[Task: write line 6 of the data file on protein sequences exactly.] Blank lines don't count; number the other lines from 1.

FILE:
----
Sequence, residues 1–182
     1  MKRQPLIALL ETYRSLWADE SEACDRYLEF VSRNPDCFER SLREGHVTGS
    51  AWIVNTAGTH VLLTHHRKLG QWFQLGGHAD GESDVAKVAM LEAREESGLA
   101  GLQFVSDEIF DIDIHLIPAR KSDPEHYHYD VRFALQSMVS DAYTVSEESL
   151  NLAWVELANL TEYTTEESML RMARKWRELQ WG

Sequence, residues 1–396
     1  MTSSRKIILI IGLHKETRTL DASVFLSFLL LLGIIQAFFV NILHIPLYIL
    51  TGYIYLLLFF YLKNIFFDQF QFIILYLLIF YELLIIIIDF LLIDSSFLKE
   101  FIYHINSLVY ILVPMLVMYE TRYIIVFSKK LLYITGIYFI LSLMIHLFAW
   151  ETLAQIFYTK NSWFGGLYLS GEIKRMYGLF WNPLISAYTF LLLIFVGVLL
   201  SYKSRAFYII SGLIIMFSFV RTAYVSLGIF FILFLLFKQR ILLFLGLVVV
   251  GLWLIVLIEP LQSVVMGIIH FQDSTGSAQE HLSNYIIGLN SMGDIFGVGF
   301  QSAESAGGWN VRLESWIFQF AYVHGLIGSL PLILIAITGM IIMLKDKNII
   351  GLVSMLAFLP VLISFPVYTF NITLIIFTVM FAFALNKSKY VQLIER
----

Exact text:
Sequence, residues 1–396